President Obama was fortunate enough to spend a few minutes with Steve Jobs in October of 2010. In that meeting, Jobs shared his opinions about the current US education system. As written by Walter Isaacson in his biography, Steve Jobs:
Jobs also attacked America's education system, saying that it was hopelessly antiquated and crippled by union work rules. Until the teachers' unions were broken, there was almost no hope for education reform. Teachers should be treated as professionals, he said, not as industrial assembly-line workers. Principals should be able to hire and fire them based on how good they were. Schools should be staying open until at least 6 p.m. and be in session eleven months of the year. It was absurd, he added, that American classrooms were still based on teachers standing at a board and using textbooks. All books, learning materials, and assessments should be digital and interactive, tailored to each student and providing feedback in real time. (Isaacson, p. 544)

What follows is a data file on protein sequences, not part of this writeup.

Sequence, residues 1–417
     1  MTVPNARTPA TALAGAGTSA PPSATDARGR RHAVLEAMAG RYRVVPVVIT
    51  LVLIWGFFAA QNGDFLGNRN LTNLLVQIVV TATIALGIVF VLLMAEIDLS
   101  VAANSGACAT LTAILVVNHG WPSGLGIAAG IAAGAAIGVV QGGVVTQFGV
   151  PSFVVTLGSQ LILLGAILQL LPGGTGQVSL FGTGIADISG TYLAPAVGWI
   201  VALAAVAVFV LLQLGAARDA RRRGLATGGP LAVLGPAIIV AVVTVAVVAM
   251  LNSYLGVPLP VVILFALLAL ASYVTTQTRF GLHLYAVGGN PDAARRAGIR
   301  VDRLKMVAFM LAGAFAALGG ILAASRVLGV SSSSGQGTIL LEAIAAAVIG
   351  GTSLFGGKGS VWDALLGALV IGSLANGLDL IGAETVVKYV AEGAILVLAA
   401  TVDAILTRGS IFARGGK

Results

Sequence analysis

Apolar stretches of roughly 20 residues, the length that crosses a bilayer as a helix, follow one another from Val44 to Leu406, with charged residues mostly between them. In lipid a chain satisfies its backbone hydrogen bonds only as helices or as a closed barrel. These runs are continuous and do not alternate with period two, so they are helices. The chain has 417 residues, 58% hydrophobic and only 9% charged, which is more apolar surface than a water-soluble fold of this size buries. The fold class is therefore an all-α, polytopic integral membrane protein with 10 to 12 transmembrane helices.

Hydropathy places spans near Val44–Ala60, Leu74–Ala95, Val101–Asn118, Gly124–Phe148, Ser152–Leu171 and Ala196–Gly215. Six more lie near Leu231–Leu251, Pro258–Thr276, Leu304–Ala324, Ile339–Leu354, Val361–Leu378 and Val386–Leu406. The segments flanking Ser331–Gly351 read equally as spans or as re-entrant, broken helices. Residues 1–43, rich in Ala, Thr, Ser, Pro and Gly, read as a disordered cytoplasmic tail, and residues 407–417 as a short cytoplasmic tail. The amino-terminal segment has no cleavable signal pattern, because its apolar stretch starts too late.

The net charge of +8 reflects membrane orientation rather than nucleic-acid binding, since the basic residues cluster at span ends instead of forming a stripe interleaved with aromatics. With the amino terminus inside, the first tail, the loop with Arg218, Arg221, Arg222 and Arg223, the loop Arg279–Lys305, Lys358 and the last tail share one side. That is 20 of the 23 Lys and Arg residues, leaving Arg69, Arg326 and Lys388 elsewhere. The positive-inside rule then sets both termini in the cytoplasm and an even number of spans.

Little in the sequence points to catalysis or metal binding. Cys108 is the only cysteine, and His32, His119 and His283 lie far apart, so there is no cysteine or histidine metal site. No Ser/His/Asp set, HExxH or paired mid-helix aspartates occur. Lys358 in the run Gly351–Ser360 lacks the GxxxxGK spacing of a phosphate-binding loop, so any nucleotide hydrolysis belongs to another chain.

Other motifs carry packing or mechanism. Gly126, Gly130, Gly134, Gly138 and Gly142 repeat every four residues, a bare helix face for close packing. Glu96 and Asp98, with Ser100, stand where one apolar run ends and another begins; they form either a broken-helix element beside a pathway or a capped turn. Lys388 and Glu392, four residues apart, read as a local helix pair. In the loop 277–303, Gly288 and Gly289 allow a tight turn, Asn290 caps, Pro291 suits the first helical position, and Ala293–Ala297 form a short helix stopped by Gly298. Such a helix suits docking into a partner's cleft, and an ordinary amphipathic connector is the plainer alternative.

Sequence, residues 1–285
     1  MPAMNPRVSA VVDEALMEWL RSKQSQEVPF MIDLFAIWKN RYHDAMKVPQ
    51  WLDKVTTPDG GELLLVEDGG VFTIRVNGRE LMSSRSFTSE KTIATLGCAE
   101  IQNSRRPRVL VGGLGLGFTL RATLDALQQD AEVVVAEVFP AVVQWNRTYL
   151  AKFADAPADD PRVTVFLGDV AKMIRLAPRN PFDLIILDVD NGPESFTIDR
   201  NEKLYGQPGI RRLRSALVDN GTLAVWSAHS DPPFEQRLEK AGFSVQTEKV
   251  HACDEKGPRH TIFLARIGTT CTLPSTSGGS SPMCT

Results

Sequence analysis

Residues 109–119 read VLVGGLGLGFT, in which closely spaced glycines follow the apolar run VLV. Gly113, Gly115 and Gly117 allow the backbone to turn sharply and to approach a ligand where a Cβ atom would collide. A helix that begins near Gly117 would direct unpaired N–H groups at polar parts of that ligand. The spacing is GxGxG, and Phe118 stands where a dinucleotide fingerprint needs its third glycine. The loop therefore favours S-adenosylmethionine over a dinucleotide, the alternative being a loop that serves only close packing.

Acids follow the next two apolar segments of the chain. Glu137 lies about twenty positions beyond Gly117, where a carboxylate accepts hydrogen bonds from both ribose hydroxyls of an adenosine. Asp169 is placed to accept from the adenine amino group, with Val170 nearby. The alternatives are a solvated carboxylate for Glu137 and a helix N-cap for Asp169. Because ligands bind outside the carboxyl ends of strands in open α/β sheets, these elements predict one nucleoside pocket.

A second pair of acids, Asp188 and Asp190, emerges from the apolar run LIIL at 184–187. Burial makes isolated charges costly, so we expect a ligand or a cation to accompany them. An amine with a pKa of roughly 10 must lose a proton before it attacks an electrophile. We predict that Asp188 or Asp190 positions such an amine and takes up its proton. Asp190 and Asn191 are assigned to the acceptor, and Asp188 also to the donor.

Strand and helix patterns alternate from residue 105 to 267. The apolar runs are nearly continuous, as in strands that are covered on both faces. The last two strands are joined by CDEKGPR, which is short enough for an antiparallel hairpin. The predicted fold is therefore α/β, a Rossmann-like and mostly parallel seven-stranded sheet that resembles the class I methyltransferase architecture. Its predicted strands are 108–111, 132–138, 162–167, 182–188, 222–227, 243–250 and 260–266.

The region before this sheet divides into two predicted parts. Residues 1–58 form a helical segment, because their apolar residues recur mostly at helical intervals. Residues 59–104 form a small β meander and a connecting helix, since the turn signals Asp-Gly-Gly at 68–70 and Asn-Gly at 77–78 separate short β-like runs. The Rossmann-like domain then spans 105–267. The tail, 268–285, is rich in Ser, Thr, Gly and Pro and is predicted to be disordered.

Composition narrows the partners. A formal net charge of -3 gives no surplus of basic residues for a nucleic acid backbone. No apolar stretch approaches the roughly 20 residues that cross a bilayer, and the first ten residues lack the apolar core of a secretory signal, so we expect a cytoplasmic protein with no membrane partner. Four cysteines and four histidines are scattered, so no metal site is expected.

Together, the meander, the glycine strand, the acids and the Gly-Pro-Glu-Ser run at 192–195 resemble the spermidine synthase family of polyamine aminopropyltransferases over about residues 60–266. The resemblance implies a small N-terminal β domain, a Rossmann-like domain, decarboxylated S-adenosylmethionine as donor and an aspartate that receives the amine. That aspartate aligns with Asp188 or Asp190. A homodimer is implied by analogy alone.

Education was something Jobs thought about often. Even in his final encounter with Bill Gates, Steve asked him about this subject:
Jobs asked some questions about education, and Gates sketched out his vision of what schools in the future would be like, with students watching lectures and video lessons on their own while using the classroom for discussion and problem solving. They agreed that computers had, so far, made surprisingly little impact on schools--far less than on other realms of society such as media, and medicine and law. For that to change, Gates said, computers and mobile devices would have to focus on delivering more personalized lessons and providing motivational feedback. (Isaacson, p. 553)
Isaacson, Walter. Steve Jobs. New York: Simon & Schuster, 2011.
Image Credit: L.A. Times Technology Blog